In the two charts below, the data is divided into developed markets at left (n=24) and emerging/frontier markets at right (n=46). Corruption ranks are on the vertical axes and are the most recent 6-year average for each country (0-100, lowest rank = most corrupt). Average stock price returns for the 1997-2016 period are on the horizontal axes.
NOTE: Stock returns are U.S. dollar, price-only for the S&P free-float, cap-weighted country indices.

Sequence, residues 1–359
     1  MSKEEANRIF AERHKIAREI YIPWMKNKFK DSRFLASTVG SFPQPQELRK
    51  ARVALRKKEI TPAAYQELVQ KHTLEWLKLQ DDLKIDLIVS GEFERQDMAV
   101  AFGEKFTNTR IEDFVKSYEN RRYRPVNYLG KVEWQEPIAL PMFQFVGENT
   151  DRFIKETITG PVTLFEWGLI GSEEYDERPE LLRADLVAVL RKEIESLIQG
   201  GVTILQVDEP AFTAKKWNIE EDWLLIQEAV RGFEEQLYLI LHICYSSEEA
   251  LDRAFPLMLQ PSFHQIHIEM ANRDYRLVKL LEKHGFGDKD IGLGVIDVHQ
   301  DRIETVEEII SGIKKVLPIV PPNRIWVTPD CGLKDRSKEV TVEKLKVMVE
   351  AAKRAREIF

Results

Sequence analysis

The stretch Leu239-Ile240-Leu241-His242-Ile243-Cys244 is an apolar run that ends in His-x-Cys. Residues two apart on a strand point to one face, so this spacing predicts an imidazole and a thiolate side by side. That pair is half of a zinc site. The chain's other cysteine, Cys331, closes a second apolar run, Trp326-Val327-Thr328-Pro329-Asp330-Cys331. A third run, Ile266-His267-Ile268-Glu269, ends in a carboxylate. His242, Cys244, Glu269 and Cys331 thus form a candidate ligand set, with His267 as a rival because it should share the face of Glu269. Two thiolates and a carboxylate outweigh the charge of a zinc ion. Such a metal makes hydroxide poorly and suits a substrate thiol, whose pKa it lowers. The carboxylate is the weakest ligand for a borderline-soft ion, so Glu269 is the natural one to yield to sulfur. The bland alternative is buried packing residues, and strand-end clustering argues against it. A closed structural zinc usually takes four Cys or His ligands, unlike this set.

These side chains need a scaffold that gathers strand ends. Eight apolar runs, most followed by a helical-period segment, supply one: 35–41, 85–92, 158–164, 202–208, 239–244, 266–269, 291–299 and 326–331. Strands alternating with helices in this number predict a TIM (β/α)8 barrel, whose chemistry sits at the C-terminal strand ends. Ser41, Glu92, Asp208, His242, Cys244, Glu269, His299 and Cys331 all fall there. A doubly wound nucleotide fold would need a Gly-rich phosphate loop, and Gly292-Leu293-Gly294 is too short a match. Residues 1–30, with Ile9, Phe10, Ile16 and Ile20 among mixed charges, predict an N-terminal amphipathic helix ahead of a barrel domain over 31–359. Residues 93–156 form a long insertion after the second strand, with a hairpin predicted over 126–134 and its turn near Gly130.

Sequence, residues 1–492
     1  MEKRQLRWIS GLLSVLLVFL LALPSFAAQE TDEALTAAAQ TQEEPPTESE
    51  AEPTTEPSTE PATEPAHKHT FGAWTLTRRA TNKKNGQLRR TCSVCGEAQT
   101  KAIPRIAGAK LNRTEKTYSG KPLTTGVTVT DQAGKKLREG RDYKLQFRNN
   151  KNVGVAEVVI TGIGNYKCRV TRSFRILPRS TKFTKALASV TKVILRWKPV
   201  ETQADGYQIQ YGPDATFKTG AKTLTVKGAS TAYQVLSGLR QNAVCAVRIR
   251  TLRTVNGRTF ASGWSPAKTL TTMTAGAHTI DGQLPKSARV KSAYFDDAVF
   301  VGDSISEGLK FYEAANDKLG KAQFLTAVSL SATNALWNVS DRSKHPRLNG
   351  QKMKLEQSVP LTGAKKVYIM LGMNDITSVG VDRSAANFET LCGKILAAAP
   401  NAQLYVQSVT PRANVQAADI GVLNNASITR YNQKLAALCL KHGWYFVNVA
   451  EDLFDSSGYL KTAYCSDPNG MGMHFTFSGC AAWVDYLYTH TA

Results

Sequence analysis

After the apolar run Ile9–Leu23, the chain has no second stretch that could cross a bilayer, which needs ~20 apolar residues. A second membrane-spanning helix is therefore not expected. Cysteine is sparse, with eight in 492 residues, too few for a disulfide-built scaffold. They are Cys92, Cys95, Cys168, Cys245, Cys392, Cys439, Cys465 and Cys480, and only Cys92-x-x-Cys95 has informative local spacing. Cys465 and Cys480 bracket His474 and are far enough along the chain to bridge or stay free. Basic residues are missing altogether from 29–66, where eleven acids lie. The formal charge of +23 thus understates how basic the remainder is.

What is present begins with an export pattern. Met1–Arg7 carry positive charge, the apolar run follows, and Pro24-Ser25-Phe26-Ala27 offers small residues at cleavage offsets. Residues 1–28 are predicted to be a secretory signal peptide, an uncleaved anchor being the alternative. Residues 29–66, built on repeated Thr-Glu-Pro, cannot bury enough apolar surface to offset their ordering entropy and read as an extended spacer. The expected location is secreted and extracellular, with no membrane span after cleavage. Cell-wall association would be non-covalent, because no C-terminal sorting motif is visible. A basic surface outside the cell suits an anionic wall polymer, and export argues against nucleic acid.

Data: Corruption ranks from Transparency International; stock returns from World Bank.
Bottom Line: With such an indifferent relationship between corruption levels and stock returns, it's hard to make the case that international stocks should be avoided because of higher levels of corruption, whether real or perceived. In fact, in emerging and frontier markets, corruption may actually boost returns a bit, on average, for the broadly diversified indexes.
Thoughts on any of this?